On the allegation that the Federal Ministry of Finance at some point directed that the fund should not be disbursed, she noted that it was not about the Finance Ministry, it is rather more of securing approval of the guidelines for the disbursement from the National Assembly, which would be done in no distant time.
“It is really very disheartening that the fund has not been disbursed but we will work with the National Assembly to ensure its disbursement; just watch, it has to be disbursed, especially with the coming on stream of the African Continental Free Trade Area AfCFTA. In the course of this visit, I have also interacted with so many stakeholders including the indigenous ship owners. I know the number of vessels that Nigerians had 10 years ago and I know how many they have now.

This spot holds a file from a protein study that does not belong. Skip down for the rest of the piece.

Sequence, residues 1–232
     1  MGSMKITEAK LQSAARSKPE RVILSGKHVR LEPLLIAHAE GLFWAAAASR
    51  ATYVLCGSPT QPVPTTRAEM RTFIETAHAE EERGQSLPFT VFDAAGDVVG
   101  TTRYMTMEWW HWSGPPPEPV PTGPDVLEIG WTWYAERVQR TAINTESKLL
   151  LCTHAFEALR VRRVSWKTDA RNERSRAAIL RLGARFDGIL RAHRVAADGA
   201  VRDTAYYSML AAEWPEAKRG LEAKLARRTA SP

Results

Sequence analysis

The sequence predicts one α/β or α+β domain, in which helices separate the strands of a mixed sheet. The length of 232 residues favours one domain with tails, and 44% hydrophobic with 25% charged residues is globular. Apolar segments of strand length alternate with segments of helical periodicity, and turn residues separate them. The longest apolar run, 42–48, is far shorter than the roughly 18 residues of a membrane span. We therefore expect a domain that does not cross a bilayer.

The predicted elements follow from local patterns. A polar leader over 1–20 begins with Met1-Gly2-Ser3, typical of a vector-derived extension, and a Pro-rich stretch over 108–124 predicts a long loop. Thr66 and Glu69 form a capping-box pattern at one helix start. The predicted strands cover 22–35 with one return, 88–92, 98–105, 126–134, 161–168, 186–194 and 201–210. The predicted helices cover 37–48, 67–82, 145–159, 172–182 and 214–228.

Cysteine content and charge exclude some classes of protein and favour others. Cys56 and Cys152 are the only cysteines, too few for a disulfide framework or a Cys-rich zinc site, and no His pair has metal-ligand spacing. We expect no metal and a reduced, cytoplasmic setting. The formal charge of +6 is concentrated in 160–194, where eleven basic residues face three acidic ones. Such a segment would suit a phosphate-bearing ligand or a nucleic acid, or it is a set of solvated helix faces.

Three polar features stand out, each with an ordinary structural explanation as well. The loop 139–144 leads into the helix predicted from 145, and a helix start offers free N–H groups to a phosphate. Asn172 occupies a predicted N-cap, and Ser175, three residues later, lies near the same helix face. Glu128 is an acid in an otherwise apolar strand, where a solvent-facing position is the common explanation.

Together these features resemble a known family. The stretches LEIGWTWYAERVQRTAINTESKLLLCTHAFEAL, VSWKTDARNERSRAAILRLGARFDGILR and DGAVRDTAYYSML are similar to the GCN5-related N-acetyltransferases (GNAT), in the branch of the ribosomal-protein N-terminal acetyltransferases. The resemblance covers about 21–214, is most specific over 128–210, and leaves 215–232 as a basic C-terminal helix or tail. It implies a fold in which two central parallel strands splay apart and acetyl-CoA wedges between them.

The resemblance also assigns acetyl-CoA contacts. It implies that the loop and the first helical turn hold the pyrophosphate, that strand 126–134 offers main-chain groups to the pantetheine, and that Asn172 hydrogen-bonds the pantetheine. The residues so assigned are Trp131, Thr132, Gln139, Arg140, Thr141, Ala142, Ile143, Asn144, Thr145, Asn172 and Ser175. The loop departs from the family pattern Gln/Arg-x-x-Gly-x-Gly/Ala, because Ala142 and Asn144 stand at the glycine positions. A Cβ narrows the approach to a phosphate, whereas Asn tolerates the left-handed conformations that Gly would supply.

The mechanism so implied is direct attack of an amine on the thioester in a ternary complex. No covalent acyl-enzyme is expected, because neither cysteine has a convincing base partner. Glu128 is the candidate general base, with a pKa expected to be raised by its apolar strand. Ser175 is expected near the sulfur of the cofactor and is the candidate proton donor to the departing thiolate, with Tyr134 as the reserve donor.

“It is really a shame that this fund has not been disbursed, I learnt the value is $350million now and I am not sure any part of it is missing. We will work with the National Assembly to pass the guidelines. It is not really about the Federal Ministry of Finance but I think it is more of the political will to disburse it and I think we have the political will to do so”, the Minister also assured.
Refund Of Container Deposit Fee
The minister she would put processes in place to ensure that shipping companies promptly refund container deposits paid by importers and agents.
Speaking during an interactive meeting with maritime stakeholders including terminal operators, shipping companies, freight forwarders and others in Lagos, Saraki frowned at the high cost of doing business at the nation’s seaports, vowing to reverse the trend.